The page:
You are assuming that there is graspable meaning or reason to things beyond their mathematical expression. At the limit, this may not be the case. A theory may well be "this is the mathematical expression the most adequate for the purpose of making predictions about this particular phenomenon". It may not cover the why, although theories tend to have common qualities, and have a tendency to have nice symetries and talk about preserved quantities.

Imagine that at the end of the day, we will find that some quantity which we will be able to measure, shlurm, is conserved, and that through clever math, we can use that to deduce the rest of physics. Call this shlurm theory. This is the ultimate theory of everything, there is no ambiguity, no magical constants other than the total amount of shlurm in the universe. We will never know why shlurm is conserved. We will have to accept that the universe is wholly described by this mathematical construct and no other. QCD is a bit like that, except for the final, definitive bit, and the single constant bit. And the whole of physics bit. But the point is that interpretation does not matter, not having an interpretation of QCD does not hinder its study or usefuleness, or its explanability.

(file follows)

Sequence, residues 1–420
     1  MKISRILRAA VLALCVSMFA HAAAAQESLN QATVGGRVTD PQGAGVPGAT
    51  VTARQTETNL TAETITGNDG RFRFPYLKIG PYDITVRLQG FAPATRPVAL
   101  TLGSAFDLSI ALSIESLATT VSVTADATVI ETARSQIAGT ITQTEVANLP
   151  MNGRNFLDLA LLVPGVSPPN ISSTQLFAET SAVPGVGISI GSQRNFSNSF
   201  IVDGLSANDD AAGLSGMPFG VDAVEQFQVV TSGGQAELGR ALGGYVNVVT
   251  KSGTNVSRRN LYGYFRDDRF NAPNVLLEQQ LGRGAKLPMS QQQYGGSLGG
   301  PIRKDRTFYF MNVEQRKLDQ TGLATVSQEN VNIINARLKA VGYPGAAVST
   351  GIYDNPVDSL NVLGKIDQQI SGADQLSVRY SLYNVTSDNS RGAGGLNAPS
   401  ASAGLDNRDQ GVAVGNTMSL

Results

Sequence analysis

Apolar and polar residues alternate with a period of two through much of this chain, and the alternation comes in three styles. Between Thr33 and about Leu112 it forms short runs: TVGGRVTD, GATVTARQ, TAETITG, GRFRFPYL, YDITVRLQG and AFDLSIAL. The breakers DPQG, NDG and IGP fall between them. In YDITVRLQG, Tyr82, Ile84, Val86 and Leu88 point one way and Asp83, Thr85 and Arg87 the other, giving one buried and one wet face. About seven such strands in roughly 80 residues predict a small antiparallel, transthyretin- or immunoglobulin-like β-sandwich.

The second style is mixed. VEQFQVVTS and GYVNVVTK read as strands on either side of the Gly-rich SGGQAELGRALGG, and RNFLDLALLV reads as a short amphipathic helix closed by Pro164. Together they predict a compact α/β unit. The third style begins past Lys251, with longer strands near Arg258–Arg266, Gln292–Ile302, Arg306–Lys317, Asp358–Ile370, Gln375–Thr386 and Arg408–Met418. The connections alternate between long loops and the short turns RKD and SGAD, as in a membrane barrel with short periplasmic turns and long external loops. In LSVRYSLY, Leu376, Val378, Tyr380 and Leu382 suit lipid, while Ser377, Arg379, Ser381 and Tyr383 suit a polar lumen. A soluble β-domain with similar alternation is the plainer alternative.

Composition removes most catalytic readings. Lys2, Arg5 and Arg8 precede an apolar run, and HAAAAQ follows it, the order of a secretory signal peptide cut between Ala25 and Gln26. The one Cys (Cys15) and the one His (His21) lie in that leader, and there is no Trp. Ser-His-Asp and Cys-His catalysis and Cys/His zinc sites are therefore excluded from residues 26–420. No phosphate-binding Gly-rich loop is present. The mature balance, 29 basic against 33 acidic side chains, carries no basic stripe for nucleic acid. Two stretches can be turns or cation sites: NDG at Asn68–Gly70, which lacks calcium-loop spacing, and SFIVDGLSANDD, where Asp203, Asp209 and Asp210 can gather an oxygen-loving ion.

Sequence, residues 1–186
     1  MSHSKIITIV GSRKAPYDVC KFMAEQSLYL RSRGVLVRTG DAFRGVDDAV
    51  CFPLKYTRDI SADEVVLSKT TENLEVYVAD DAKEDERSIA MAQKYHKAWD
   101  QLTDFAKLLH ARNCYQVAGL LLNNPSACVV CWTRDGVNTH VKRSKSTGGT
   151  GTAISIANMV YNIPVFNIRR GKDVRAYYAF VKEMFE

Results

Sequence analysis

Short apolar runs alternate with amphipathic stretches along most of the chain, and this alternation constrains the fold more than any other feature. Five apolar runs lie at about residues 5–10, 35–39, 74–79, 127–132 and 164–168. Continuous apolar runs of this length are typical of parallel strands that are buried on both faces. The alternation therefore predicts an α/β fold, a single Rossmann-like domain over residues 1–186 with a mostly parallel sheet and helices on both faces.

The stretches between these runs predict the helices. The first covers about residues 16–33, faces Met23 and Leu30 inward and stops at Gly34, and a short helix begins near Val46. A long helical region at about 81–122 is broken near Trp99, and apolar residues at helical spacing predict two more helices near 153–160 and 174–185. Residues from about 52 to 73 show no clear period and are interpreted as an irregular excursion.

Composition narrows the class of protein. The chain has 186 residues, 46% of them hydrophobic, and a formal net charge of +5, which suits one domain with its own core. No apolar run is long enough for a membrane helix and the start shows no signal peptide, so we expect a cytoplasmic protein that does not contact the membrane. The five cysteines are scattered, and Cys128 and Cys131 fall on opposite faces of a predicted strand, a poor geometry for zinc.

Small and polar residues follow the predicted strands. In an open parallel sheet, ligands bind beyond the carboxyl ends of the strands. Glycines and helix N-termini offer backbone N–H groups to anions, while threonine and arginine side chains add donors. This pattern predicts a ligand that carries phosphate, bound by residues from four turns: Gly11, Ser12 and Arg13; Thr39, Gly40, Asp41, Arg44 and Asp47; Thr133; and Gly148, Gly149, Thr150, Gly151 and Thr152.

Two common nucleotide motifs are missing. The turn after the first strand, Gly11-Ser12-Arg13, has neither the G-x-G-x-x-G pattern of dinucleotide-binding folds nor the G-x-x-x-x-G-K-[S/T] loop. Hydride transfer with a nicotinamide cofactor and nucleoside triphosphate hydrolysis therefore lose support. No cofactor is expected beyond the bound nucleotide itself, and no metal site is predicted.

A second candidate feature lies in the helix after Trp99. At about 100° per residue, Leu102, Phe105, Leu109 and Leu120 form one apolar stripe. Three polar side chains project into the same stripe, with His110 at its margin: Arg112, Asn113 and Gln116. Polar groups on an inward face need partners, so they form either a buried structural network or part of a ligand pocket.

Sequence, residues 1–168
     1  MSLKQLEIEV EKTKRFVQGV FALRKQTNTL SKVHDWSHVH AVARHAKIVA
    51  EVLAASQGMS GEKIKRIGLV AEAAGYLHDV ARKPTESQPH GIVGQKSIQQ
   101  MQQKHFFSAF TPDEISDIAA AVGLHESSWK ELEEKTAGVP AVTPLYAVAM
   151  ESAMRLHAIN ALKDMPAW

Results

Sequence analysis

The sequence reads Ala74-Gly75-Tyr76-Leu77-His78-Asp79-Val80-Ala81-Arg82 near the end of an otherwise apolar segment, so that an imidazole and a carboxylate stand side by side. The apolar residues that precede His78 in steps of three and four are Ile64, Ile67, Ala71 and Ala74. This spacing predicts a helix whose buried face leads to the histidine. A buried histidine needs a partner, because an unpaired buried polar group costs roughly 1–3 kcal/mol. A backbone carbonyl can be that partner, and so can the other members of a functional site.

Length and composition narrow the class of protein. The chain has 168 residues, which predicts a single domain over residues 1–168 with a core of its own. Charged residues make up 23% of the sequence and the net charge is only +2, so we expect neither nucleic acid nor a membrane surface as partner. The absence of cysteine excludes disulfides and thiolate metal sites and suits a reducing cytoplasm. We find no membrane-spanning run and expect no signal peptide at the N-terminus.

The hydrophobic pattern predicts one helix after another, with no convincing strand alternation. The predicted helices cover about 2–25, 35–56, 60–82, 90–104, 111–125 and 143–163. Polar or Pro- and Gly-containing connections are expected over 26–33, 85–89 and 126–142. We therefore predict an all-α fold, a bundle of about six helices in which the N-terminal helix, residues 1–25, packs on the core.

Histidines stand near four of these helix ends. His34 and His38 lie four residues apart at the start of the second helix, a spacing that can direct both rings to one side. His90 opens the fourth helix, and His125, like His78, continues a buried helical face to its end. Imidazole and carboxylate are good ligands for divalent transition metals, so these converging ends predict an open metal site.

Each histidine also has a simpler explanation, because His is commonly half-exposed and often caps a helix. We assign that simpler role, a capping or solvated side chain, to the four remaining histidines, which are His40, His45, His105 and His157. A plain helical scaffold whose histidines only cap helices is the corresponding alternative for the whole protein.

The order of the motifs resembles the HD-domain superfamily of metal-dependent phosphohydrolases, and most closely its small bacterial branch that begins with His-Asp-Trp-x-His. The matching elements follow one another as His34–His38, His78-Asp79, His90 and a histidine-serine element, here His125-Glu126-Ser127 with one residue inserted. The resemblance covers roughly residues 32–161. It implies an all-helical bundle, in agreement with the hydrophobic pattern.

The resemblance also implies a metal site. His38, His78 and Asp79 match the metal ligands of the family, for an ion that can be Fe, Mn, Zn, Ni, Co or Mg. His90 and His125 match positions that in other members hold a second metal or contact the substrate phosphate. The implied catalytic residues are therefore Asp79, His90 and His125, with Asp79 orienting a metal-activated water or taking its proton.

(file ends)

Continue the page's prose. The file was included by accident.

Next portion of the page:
Also, it's quantum field theory, and yes, the tool is quantum mechanics. But there is an underlying theory. It talks about the mathematical shape of reality. It cares not about why this shape is.

At the end of the day "why" is for theology, because you will have to accept that _something_ is some fundamental truth on which everything else is constructed.